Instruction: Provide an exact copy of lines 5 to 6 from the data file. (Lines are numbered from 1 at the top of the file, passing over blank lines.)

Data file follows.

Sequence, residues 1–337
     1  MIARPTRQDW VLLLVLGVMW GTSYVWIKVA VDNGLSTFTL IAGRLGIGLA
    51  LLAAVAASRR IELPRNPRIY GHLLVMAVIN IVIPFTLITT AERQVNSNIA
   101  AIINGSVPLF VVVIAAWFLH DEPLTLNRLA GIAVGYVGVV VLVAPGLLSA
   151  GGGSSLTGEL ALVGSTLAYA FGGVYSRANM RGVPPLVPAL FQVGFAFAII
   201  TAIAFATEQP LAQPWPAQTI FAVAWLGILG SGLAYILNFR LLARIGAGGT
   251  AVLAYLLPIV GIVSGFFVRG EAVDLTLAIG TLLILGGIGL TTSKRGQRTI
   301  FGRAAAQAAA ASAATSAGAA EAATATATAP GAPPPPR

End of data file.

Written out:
   151  GGGSSLTGEL ALVGSTLAYA FGGVYSRANM RGVPPLVPAL FQVGFAFAII
   201  TAIAFATEQP LAQPWPAQTI FAVAWLGILG SGLAYILNFR LLARIGAGGT